The best thing about Frankford Hall, Stephen Starr’s newish biergarten in Fishtown, isn’t its pretzels or ping-pong tables but its architecture. Rather than outfit the building in faux-Bavarian style, as Brauhaus Schmitz has done, Stokes Architecture has created a hybrid space that successfully trades on Philadelphia’s industrial history.
The original two-story brick warehouse was designed by architects Baker & Dallet for the banking and traction magnet Robert A. Balfour. The building may have been used for storage by Balfour’s Union Traction Company, a trolley line operation. Stokes—which has designed a number of other spaces for Starr—fit the concept to the existing building, which by that point had become an industrial shell.
This was an unusual choice. Shells are buildings in which only the exterior masonry structure is salvageable, and they are usually torn down to make way for new construction. Yet these structures possess opportunities for creative reuse that should be recognized more often, especially in Philadelphia, which has such a large stock—3,000 according to a 2010 report.
By the time River City Flats, LP acquired the 10,000 square foot shell in 2008, the building had been empty for 20 years. The roof had caved in and weeds and small trees grew inside. What was left was a ruin of Philadelphia’s industrial past.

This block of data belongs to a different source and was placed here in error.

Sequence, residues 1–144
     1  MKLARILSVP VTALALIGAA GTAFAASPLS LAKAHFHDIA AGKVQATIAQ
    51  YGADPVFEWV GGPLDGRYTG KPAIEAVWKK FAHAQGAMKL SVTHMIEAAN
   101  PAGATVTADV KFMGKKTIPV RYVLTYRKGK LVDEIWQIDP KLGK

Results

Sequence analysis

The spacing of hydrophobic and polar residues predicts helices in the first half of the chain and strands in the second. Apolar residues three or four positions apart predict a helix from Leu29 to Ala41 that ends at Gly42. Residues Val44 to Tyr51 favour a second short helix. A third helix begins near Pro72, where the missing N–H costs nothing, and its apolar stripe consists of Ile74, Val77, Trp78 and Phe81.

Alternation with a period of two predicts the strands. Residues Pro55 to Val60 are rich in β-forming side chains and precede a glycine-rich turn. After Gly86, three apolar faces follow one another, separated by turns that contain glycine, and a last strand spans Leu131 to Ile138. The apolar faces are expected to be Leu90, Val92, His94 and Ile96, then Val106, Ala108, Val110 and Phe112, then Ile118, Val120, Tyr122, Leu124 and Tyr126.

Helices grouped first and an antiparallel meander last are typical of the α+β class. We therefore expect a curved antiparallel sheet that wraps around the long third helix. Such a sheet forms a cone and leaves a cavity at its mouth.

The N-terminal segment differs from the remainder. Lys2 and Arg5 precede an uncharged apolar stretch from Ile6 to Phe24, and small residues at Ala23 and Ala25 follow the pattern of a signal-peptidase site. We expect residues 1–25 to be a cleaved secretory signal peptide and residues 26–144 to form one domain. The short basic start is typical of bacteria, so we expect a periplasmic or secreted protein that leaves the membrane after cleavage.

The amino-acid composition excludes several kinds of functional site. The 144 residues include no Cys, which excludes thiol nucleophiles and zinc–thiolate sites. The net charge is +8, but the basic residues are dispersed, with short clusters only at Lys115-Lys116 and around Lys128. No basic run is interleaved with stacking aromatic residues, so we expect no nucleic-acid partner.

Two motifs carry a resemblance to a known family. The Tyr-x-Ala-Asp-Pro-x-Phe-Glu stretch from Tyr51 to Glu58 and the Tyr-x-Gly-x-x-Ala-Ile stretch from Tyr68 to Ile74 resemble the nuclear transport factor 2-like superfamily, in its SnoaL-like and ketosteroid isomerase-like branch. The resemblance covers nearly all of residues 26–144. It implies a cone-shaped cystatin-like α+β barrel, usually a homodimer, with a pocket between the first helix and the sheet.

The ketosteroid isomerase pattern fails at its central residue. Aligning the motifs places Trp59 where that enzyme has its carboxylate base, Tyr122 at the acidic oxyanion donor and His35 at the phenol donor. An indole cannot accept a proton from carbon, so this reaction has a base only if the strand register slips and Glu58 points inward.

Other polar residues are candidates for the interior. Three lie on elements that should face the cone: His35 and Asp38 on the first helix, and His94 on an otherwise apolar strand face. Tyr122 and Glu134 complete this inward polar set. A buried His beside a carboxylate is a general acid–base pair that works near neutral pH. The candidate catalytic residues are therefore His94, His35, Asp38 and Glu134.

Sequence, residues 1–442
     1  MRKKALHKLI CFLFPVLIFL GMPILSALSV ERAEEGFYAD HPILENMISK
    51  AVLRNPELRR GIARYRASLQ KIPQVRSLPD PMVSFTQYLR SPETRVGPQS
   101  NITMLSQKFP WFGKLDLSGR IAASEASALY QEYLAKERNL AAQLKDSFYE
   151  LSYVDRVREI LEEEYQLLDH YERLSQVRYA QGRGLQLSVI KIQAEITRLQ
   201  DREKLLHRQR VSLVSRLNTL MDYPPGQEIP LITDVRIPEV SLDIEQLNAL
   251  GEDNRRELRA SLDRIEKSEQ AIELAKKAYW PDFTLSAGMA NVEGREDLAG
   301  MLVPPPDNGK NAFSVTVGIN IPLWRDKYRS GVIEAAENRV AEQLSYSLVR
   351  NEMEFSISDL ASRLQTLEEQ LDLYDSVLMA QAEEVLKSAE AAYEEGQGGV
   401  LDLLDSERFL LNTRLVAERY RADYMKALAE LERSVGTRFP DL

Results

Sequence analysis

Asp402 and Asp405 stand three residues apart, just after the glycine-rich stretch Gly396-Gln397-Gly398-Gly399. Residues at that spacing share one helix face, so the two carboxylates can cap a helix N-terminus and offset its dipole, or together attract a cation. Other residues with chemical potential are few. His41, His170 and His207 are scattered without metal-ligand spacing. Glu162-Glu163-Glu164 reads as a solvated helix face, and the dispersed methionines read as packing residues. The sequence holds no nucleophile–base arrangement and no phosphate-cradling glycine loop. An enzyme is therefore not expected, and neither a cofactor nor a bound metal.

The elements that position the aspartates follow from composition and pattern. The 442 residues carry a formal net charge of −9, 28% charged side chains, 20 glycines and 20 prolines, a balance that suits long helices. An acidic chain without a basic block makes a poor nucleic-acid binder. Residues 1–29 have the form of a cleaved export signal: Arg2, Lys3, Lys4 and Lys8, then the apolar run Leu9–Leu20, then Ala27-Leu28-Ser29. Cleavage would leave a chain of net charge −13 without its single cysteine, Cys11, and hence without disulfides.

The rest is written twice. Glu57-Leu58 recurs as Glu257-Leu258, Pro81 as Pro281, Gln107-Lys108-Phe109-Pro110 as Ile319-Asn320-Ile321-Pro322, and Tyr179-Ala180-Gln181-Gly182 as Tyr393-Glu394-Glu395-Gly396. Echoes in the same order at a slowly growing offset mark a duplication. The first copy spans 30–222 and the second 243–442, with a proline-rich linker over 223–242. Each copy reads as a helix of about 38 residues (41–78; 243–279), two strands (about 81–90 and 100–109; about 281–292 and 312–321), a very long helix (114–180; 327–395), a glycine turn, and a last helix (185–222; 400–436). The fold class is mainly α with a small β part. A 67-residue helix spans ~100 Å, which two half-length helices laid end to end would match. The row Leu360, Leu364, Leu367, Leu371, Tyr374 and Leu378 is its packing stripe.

The current incarnation honors this past, while acknowledging Philadelphia’s post-industrial present. Stokes preserved the walls of the former structure, and punched out openings for doorways and windows. New interior elements are mostly reclaimed industrial wood and steel, thus keeping with the building’s vernacular. Though the original 100-foot long front façade was no work of great beauty, by leaving it intact they preserve the historic fabric of the block.
Large pivot windows open the façade to the street. A new roof covers the front third of building, and metal garage doors open onto the open-air beer garden at the back. Light floods the space. This large courtyard is covered with gravel, and 4 large Linden trees shade simple wooden tables and benches. Surrounded by 25-foot high brick walls, one can see and feel the industrial past of the building, as well as its history of neglect and eventual ruin. The Linden trees add to this sense of inhabiting an abandoned place.